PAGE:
An Evangelical Backs Mitt Romney; Says Mormonism Doesn't Matter

A Southern Baptist media guru is reaffirming his support for Mormon presidential candidate Mitt Romney and urges evangelicals to consider the person, and not the theology, when deciding their presidential choice.

Mark DeMoss, the founder of evangelical public relations firm The DeMoss Group, made his pick for the GOP nomination public when he accepted a volunteer campaign position for the former Massachusetts governor. DeMoss heralds Romney for his political experience, business acumen and his support for traditional values such as marriage between a man and a woman.

He asserted that these things are more significant than Romney's Mormon faith.

"I decided that it's more important for me that a candidate shares my values than it is [if] he or she shared my theology," said DeMoss, who also supported Romney during his 2008 run. "I don't have the tiniest bit of doubt that Gov. Romney shares my values on so many important issues."

DeMoss – whose PR firm represents such influential evangelicals and groups as Franklin Graham, Chuck Colson, and Campus Crusade for Christ – believes Christian voters mistakenly place theology over qualifications when they select a candidate for the presidency. Shared theology, he noted, is a benchmark that many Christians only use inside the church or church ministry.

"I don't know why we take a test that we don't apply anywhere else in life, for the most part, and apply it to the one job in America called president of the United States," he said. "I just don't agree with that."

Affirming Christian theology, he noted, does not mean that a leader will not disappoint voters or make a misstep. DeMoss pointed to disgraced pastor Ted Haggard as an example.

"He represented evangelicals as the president of the National Association of Evangelicals," said DeMoss. But as a result of his sex and drugs scandal, "he let a lot of people down."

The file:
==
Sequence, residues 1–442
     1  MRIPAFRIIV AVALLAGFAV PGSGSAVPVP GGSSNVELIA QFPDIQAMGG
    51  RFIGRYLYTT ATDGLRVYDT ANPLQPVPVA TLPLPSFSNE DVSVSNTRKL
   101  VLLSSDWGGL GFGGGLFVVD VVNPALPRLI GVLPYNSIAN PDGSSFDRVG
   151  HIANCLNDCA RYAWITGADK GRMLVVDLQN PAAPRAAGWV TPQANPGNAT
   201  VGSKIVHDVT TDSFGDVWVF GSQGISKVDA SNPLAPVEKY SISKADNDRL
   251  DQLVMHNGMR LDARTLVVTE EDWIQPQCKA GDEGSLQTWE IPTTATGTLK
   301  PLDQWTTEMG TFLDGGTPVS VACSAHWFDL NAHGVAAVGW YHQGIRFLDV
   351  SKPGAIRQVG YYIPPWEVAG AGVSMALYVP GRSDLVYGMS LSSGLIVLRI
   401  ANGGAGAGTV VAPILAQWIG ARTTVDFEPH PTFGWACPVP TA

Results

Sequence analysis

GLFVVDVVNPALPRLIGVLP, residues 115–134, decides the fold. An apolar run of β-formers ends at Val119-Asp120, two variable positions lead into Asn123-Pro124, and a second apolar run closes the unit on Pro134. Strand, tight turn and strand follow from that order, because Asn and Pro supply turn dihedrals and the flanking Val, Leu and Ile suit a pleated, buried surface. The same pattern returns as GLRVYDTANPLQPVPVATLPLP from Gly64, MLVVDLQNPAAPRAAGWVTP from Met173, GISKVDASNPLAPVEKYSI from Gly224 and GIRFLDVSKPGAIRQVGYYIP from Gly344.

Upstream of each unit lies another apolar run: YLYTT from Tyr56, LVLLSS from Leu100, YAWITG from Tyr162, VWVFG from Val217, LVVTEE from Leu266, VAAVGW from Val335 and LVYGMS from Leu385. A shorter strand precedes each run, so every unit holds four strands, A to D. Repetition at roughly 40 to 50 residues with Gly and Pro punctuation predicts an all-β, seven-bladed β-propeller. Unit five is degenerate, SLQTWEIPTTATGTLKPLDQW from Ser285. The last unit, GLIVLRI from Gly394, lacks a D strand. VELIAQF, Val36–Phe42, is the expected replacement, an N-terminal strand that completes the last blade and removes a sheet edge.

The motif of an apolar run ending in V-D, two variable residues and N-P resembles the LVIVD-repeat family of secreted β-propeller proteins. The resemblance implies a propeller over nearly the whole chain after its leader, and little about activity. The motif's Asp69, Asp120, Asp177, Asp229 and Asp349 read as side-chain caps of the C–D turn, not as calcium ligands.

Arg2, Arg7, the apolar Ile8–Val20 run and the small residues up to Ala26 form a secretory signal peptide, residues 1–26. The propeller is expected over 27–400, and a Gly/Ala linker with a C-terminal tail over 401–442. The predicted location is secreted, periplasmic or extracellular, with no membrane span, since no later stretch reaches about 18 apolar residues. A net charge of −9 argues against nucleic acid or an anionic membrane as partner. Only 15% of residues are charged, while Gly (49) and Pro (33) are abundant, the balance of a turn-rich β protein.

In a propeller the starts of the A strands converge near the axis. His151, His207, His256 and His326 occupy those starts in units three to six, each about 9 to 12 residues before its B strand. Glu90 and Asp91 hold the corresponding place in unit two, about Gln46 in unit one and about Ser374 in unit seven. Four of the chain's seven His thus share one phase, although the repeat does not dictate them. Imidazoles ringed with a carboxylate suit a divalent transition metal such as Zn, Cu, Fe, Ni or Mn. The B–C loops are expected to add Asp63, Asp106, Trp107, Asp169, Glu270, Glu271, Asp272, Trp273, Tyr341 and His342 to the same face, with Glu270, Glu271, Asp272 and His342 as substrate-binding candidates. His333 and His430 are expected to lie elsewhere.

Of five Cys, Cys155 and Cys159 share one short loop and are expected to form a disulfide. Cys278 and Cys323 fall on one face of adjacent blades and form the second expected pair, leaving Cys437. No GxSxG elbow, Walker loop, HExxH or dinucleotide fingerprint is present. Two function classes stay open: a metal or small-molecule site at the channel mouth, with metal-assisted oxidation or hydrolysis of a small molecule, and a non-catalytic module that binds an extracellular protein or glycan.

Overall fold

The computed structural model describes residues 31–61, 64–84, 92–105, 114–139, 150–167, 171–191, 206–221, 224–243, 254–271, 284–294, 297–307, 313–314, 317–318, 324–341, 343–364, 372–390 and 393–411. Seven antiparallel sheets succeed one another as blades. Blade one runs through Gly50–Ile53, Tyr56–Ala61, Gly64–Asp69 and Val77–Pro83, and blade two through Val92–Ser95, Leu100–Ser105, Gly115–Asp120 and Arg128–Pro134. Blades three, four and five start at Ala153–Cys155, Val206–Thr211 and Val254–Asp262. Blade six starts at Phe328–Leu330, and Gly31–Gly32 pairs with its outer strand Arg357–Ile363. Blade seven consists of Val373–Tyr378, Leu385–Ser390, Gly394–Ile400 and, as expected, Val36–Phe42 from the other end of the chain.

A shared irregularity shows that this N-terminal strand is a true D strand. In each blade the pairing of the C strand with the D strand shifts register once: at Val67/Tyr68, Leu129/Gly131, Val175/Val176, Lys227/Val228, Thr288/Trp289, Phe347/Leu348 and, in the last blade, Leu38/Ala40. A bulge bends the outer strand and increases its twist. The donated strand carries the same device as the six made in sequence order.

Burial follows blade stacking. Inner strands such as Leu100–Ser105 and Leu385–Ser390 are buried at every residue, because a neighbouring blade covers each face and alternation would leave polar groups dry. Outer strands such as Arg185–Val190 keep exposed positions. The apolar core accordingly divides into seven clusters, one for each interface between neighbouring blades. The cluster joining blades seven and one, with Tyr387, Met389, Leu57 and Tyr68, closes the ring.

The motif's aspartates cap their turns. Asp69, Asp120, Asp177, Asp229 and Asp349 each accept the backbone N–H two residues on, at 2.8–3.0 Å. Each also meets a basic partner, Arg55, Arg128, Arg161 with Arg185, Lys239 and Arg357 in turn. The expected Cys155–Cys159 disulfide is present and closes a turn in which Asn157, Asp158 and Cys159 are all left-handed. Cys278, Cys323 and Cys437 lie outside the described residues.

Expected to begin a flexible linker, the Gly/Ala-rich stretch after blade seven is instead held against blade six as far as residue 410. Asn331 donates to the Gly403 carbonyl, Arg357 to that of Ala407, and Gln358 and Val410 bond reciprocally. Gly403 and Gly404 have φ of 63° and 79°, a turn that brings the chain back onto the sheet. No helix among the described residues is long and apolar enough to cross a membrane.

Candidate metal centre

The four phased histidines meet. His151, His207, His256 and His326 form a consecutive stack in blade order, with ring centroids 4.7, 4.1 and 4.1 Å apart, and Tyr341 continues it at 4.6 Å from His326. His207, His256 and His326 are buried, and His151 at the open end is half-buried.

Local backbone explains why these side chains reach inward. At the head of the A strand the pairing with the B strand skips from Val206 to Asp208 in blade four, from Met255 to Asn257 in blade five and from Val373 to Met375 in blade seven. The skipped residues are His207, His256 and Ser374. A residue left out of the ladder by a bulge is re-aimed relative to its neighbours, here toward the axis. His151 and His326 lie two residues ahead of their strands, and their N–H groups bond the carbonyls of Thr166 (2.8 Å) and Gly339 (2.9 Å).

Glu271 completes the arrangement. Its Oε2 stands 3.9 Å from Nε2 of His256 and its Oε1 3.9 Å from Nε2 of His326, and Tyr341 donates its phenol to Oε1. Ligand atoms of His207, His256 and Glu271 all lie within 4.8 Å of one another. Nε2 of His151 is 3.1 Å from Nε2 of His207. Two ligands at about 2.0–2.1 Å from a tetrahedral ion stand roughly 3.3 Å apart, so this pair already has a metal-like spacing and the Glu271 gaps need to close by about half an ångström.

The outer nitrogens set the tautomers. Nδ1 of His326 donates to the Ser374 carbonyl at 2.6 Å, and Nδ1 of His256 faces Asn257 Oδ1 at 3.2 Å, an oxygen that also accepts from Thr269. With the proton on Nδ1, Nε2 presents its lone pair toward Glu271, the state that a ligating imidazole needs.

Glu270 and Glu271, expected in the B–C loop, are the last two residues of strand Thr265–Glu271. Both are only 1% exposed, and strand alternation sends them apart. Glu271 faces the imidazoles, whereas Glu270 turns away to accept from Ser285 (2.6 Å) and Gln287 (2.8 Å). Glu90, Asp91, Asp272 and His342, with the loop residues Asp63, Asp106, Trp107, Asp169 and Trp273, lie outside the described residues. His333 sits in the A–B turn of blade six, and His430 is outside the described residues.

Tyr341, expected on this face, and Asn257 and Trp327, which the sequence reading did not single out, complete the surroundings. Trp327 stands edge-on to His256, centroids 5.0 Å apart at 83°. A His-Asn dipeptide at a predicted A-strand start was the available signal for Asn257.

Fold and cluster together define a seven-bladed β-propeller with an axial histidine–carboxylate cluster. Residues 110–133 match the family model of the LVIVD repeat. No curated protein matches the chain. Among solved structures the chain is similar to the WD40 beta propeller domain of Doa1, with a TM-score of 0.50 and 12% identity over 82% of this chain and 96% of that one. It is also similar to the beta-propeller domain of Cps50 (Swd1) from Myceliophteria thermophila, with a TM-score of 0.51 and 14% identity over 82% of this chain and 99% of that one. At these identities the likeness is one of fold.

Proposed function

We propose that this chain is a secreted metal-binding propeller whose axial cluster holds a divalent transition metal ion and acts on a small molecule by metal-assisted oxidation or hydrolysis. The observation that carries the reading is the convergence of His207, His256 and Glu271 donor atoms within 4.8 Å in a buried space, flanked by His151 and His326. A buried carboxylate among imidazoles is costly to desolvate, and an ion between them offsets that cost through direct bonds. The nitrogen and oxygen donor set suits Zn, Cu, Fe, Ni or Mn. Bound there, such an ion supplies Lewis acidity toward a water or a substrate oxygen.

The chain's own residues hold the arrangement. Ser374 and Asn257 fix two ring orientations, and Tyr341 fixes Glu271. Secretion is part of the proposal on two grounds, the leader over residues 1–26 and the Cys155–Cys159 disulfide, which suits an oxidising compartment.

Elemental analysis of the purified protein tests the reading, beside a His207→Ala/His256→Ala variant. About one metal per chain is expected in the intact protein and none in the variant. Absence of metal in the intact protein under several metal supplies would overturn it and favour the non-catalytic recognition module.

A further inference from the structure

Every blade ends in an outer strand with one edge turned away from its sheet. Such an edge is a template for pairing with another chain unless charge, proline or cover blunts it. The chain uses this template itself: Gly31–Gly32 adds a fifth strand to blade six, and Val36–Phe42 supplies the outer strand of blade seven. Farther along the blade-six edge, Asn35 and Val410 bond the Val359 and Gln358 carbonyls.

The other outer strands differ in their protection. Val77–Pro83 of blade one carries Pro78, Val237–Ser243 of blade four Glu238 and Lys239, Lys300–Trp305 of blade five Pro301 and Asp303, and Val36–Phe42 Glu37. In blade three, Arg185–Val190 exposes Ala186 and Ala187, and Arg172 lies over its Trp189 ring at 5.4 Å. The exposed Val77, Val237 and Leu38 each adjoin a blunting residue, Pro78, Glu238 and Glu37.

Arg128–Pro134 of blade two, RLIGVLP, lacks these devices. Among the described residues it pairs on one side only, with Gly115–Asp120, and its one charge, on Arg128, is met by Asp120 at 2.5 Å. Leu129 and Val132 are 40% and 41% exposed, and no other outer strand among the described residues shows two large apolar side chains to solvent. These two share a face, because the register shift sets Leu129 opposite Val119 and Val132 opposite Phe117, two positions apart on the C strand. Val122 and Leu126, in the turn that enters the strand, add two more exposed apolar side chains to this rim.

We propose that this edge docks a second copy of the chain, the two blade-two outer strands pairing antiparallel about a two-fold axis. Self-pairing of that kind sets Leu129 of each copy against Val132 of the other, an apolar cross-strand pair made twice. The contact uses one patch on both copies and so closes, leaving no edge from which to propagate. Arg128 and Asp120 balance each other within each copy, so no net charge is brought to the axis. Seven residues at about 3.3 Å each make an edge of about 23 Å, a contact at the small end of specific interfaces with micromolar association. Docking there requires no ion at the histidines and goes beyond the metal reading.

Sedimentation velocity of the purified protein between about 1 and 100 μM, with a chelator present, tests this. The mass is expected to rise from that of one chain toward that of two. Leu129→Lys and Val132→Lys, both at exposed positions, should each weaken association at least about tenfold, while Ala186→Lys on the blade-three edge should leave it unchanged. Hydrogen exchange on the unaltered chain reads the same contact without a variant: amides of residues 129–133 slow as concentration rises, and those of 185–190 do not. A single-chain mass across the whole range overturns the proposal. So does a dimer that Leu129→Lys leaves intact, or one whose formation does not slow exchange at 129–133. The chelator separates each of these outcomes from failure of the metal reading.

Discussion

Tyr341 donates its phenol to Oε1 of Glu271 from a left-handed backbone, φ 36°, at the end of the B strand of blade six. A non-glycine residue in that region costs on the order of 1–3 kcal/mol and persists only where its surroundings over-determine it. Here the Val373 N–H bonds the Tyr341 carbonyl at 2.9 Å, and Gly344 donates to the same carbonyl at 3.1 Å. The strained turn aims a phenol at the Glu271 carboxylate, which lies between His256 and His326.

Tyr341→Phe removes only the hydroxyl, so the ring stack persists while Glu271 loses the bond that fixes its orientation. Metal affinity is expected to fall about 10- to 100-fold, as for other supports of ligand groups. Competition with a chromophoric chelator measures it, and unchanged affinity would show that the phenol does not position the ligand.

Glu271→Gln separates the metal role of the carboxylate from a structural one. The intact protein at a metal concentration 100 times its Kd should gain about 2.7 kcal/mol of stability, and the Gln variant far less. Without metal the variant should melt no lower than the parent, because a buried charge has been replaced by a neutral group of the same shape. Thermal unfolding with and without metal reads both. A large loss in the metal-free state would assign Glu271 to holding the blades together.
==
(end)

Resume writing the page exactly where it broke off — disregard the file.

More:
Rather than focusing on theology, DeMoss urges Christian conservatives to focus on the candidate's character and qualifications.

Romney launched an exploratory committee last month to test the waters for a 2012 presidential campaign. He has yet to confirm or deny an official presidential campaign.

In the last election cycle, Romney ran for the GOP presidential nomination in 2008 and was a close contender to eventual nominee John McCain.

In his 2008 CPAC address, he noted he had 4 million supporters compared to McCain's 4.7 million.

During his previous campaign, Romney struggled to change perceptions of his Mormon faith.

A 2007 Pew poll revealed that in the months leading up to the 2008 primaries, a number of evangelicals – 41 percent – who described themselves as weekly church attenders said they would be less likely to vote for a Mormon.

DeMoss is optimistic that many evangelicals will have a change of heart in 2012.

Based on what he has heard during his travels, DeMoss commented, "I think more people, more evangelicals will get past [Romney's faith] in this election cycle than in the last election cycle."

Romney's popularity will likely grow since the top contender, Mike Huckabee, announced that he will not join the race for the presidency.

Before his announcement rejecting a 2012 run, Huckabee only led the field of Republican candidates by single-digit percentage points. Romney has since risen to the top of the polls after Huckabee's departure. However, his lead is a slim one – 2 percent higher than Sarah Palin, and 9 points higher than Newt Gingrich.

Frank Newport, the editor in chief of Gallup, called this election "unusual" for GOP candidates.

DeMoss cautioned, "If you had big momentum today, it would probably be too soon and you probably couldn't sustain it."

He refuted notions that the right GOP candidate has yet to emerge and described the current field of GOP candidates as talent-rich.

Of the talented candidate, DeMoss believes that Romney has the right combination of business and political experience and has a good chance to beat President Barack Obama.

The current GOP field of announced GOP presidential candidates consists of Herman Cain, Gingrich, Tim Pawlenty, Gary Johnson and Rick Santorum. The list of potential contenders still waiting on the wings includes Palin, Michele Bachmann, and former U.S. Ambassador to China Jon Huntsman. Indiana Gov. Mitch Daniels announced early Sunday morning that he will not be entering the race.

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